Facebook-owned instant messaging app, WhatsApp, has been fined €225 million by the Irish Data Protection Commission for breaches of the Europe-wide General Data Protection Regulation (GDPR).
The fine for WhatsApp is the second largest issued since GDPR came into effect in 2018, after Amazon were fined €746 million by Luxembourg’s data protection regulator.
Stockport based Gorvins’ Solicitors explained how WhatsApp fell foul of the data protection regulations:
The main issue in the WhatsApp case was whether or not WhatsApp had been transparent enough about how it handles information and processes the personal data of its users. Helen Dixon, the Irish Data Protection Commissioner, commented that there had been a “very significant information deficit” in information given to users of the WhatsApp service where WhatsApp had only given 41% of the prescribed information to registered users and none to non-registered users.
One of the 6 principles laid out by GDPR is the “lawfulness, fairness and transparency” principle where any organisation processing any form of “personal data” must provide “specific information to data subjects to ensure fair processing” (under Articles 13 and 14 of GDPR) as well as “communicating with data subjects about their data processing rights” (under Articles 15 to 22 and 34 of GDPR).
In order to comply with the “lawfulness, fairness and transparency” principle, every organisation must provide certain prescribed information to persons whose data they are to process before or at the start of collecting their personal data and throughout the period where that data is processed. This information must be provided free of charge, in clear and plain language and in a concise, transparent, intelligible and easily accessible format.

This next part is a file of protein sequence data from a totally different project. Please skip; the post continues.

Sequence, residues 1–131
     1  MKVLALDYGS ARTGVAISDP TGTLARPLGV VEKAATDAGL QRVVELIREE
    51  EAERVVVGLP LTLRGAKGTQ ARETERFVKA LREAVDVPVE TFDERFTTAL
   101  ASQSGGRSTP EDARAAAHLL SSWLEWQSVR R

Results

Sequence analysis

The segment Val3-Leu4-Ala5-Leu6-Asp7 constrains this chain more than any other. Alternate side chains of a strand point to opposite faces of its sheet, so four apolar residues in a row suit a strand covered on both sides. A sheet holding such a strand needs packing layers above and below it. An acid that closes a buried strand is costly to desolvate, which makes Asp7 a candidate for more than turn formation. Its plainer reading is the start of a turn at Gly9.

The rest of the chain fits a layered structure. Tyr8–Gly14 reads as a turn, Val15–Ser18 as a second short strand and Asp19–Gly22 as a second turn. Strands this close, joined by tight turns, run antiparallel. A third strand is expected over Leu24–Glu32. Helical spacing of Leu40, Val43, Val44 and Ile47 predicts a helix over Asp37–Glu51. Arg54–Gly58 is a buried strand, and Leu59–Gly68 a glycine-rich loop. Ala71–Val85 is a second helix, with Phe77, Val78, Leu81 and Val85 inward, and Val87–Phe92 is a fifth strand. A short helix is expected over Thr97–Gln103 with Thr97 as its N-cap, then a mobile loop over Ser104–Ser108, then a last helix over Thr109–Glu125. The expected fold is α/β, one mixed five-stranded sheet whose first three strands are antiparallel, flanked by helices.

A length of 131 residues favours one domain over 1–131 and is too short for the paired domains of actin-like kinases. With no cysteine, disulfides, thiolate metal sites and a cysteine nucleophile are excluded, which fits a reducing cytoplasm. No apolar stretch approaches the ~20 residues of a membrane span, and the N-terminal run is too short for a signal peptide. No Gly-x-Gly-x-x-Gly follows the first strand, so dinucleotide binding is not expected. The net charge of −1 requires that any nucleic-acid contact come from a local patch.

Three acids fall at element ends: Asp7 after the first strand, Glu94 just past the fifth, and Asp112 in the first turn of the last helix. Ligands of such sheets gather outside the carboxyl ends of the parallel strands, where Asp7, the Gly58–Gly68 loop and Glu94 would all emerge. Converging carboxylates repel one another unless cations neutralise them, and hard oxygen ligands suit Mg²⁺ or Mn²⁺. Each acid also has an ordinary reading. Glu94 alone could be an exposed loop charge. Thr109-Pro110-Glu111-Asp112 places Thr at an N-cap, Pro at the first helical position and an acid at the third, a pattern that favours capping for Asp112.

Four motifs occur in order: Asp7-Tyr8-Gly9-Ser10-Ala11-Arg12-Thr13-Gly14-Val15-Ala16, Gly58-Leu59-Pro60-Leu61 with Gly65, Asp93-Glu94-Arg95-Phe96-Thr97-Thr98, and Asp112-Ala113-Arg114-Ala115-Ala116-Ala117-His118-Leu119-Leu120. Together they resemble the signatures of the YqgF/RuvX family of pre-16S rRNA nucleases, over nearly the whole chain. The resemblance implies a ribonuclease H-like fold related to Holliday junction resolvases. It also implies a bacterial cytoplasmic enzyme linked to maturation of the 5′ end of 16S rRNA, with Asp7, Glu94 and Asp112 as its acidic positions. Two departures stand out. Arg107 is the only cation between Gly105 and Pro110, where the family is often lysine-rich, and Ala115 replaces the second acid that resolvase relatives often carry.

WhatsApp have indicated that they disagree with the decision and that the fine issued is entirely disproportionate. The Irish Data Protection Commission originally proposed a fine in the region of €30-50m, however, the European Data Protection Board (made up of eight European Data Regulators) directed Ms Dixon and The Irish Data Protection Commission to increase the penalty imposed on WhatsApp. Accordingly, any appeal process which WhatsApp undertake may mean it is years before this issue is resolved and any fine paid is eventually paid.
Christian Mancier, Corporate & Commercial partner at Gorvins Solicitors and the firm’s Data Protection lead commented:
“The fundamental principle of GDPR is to provide individuals with transparency as to how an organisation uses their data and a degree of control over that data. Whilst its highly unlikely that any SME business is be on the receiving end of a €225m fine, the particular issues arising in the WhatsApp case goes to show that every organisation, regardless of size, needs to make sure they are providing the prescribed information about what they do with an individual’s personal data in a clear and concise format at the right point in their relationship with the individuals concerned. This means having a bespoke Privacy Notice which is not only clear and concise but actually reflects what that organisation does with the personal data it processes and is not simply a template notice which bears no reality to how the organisation concerned actually processes personal data.”